Dying in a state of mortal sin...

Hi, I was just reading online about what is a mortal sin.
It said on this page saintaquinas.com/mortal_sin.html
The three things that define mortal sin. I also just found this vatican.va/archive/ccc_css/archive/catechism/p3s1c1a8.htm
But I must say there is this friend of mine who seems to be trying to get into my head who said she found a canon that said a mortal sin is anything that gives you a guilty conscience. As soon as I start to feel peace she takes it away with making me feel guilty. She said what is written in the Catechism is lax or something,
Anyway but that’s not the point of this post my point is what if we are to die in mortal sin it says we definitely go to hell. It makes me feel bad because according to this girl I don’t really stand a chance for Heaven. I have been to Confession twice this week and after reading a message a Priest sent to me I feel like I have to go again I am starting to feel like it’s all too hard I feel like I have to be perfect but perhaps I am starting to tend towards scruples. I feel like I will never be at peace due to my numerous sins. I have even started to wish I was a Protestant as it seems they focus on the mercy of God rather than His judgement. So please can someone provide me encouragement. I have also just listened to something Ven Sheen said “few will be saved” and I feel like I dont stand a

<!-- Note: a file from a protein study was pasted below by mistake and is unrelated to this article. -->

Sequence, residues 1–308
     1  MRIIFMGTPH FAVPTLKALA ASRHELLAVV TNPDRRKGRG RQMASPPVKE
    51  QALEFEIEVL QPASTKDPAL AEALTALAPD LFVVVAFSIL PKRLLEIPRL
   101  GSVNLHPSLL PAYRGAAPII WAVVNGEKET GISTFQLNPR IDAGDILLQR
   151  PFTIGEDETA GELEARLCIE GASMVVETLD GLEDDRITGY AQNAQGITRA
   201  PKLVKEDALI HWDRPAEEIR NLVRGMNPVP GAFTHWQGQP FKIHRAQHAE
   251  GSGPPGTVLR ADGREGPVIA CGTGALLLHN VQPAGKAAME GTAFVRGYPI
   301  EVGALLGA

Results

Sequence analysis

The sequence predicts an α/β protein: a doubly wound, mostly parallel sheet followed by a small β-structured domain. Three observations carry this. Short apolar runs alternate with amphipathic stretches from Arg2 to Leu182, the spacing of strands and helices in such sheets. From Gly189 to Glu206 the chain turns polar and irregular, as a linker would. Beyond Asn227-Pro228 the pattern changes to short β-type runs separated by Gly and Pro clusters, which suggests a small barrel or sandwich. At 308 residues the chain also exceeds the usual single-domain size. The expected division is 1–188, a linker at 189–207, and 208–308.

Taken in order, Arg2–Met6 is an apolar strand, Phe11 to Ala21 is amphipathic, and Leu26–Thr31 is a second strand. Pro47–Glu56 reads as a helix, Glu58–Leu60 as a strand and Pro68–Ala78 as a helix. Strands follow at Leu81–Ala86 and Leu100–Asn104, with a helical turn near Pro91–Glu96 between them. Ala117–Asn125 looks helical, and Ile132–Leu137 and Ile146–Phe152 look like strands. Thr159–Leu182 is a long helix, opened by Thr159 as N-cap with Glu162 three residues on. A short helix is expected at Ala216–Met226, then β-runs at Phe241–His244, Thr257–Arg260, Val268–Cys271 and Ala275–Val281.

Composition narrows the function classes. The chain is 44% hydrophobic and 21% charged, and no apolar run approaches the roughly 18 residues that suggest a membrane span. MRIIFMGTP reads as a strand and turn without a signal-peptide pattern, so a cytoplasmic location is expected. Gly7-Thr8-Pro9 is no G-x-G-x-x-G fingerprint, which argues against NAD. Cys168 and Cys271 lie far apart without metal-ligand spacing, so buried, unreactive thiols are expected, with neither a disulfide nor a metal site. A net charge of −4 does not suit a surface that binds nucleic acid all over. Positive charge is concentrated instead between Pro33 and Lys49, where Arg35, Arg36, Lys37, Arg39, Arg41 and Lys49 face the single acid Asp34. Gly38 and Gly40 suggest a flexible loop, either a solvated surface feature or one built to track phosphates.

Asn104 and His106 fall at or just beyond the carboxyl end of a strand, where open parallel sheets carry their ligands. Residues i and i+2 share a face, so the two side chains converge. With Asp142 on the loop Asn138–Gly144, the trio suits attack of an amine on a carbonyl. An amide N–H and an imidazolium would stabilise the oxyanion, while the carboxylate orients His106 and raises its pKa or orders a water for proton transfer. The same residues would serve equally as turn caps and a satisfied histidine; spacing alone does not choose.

chance. Feeling sad :frowning:

Honey, I feel for you–I really do–as I am definitely scrupulous. But your friend is WRONG, and I think you need to reconsider her friendship if she is upsetting you this much. Or at least don’t talk with her about spiritual things. The catechism CANNOT be wrong. Holy Mother Church is there to guide us–we can trust Her. To say otherwise is leaning towards heresy, and we definitely don’t want to go there. If you are uncertain that you have met the 3 conditions for mortal sin, then you haven’t. I know this intellectually, but emotionally sometimes I don’t grasp it. Someone who is really trying hard to live a good life and partaking of the Sacraments regularly is not likely to fall into mortal sin so quickly. It’s always a possibility for anyone; yet, as St. Thomas Aquinas says, “Although grace is lost by one act of mortal sin, it is not easily lost, because it is not easy for someone who has grace to do such an act, on account of his inclination to the opposite action.” I link you to the entire article. pathsoflove.com/blog/2012/01/living-without-mortal-sin/ Please don’t listen to your friend–listen instead to Holy Mother Church.